Dyeing, production planning, recycling – Swedish technological innovation can slash environmental impact in the fashion industry by 80 per cent, in some areas by as much as 98 per cent. But for this to happen these innovations must be deployed across the board. – Now is the moment for the big fashion brands to take responsibility across the entire value chain, says Jonas Larsson from the School of Textiles in Borås.

When asked about the biggest sustainability challenges facing the textile and fashion industry, Jonas Larsson paints a dismal picture: long, complex value chains where different components all blame each other. Billions of garments are discarded or sold off every year due to planned overproduction, and intensive water and energy processing, especially during dyeing and preparation.

Add to that an overconsumption which means that the average European bins between eight and thirteen kilos of textiles every year. In the final analysis, about 80 per cent of all clothes sold are thrown away after a brief lifetime.

– Right now, things are depressing, Jonas Larsson observes.

– On the other hand, this means that there are lots of opportunities for turning everything around.

Photo of Jpnas Larsson, TextilhögskolanHe should know. In his work as a senior lecturer at the School of Textiles, Jonas Larsson focuses on sustainability in the shoe and fashion industry and believes that today commercially viable technology is available that can reduce the fashion industry’s environmental impact by around 80 per cent.

– Many Swedish companies across the entire value chain are already sitting on a wide range of solutions.

For example, Imogo, a Swedish company offers new technology for dyeing that reduces the current environmental impact by 95-98 per cent. Other companies have developed computerized models that target production planning.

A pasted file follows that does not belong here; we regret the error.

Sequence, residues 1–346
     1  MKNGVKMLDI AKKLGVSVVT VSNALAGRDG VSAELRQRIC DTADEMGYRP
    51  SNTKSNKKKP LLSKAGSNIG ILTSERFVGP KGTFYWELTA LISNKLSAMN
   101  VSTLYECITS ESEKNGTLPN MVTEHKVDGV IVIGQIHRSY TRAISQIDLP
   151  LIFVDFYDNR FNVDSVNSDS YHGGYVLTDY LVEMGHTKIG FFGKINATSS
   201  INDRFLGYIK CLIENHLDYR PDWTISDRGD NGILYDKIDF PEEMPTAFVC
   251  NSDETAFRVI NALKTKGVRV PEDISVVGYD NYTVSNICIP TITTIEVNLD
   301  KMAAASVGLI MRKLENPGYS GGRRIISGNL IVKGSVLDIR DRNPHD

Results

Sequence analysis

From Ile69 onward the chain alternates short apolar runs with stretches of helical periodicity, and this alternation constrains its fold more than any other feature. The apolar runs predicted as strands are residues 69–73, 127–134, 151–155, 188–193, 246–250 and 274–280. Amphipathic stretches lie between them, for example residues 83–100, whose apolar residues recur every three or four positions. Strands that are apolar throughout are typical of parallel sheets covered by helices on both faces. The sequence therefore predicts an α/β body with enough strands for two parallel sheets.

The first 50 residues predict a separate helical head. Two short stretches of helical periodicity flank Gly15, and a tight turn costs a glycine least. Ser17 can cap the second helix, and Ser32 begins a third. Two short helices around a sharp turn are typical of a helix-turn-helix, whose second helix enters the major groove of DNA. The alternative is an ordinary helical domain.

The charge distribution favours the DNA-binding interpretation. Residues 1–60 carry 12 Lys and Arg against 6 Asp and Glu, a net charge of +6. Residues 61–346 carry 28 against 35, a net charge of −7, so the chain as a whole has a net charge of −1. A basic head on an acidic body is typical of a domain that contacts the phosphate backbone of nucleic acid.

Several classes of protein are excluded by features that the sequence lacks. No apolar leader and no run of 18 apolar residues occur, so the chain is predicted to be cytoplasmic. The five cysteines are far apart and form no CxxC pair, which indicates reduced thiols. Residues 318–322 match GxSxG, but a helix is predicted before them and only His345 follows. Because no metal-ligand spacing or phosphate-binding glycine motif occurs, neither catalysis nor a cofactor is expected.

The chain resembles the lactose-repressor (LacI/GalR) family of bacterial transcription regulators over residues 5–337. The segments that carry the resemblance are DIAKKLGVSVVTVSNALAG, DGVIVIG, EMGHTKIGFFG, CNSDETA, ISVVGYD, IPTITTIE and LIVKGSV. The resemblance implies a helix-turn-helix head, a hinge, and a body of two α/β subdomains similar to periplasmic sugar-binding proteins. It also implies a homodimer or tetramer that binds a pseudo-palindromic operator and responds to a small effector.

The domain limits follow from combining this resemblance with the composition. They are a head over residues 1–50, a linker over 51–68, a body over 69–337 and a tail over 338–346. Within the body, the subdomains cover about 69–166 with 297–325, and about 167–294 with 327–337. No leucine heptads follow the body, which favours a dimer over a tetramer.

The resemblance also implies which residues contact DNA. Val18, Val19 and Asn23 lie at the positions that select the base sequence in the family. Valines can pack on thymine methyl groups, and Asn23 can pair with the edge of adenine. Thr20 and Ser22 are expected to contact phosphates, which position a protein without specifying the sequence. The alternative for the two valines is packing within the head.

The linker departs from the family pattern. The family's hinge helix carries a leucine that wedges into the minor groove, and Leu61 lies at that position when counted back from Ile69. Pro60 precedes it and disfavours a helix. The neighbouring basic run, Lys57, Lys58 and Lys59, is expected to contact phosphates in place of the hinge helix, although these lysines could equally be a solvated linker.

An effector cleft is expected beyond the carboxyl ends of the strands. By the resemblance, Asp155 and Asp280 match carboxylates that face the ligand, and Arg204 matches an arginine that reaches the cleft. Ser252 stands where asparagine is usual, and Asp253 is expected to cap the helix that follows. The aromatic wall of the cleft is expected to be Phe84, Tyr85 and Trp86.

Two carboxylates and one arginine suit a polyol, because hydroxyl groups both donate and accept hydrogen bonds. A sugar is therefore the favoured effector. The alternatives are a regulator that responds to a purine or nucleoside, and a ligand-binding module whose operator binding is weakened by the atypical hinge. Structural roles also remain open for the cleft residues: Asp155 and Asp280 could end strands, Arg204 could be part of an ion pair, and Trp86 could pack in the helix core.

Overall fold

– Today, lead times are so long that clothing companies order much more than they need from suppliers, to lessen the risk of running short. This means that for every garment sold at full price, another will be discounted or discarded.

On-demand manufacturing might conceivably reduce the overall environmental impact by 30-40 per cent. The problem here is that it takes a long time to implement the new technical solutions that already exist.

– The textile industry cannot just throw out all the old machines in which they have invested huge sums of money, these must first serve out their lifetimes.

But it’s not just about time but also the company culture. Jonas Larsson points out that the big brands are also big buyers and could make demands, but they have pretty much abdicated any responsibility.

– Swedish fashion companies are unfortunately bad at investing in the best available environmental technology. They tend to switch suppliers frequently and this means there they have little or no wish to involve themselves in production development. Instead, responsibility is handed over to the suppliers, when in fact cooperation across the entire chain is what is really needed.

Clothes at SysavBut it is not just production that poses problems for the fashion industry. As consumers buy more than they need and throw away garments as soon as they grow tired of them, the need for the functional recycling of textiles has become critical. For the past two years, a world-unique solution has been in use in Malmö, in collaboration with IVL the recycling company Sysav operates a fully automated sorting plant for consumer textile waste.

– Other facilities are only able to sort the consumer waste fraction manually, and primarily address the second-hand market, explains Anna Vilén, communicator at Sysav.

Siptex, in contrast, deploys machines that utilize infrared light to analyse and identify the fibres the garments are made of, which means that they can be sorted by type, packaged, and sent on for recycling.

– The absence of automatic sorting has been a bottleneck when it comes to textile recycling, but Siptex can provide recycling companies with the purity of material they need in sufficiently large quantities, and this has met with huge interest from around the world.

Siptex has the capacity to sort 4.5 tonnes per hour and is expected to reach a three-shift operation by 2023.

– We have shown that automatic sorting is both possible and profitable and I hope that in this way we can help close many more commercial textile loops in Sweden and Europe.

Text: Karin Aase


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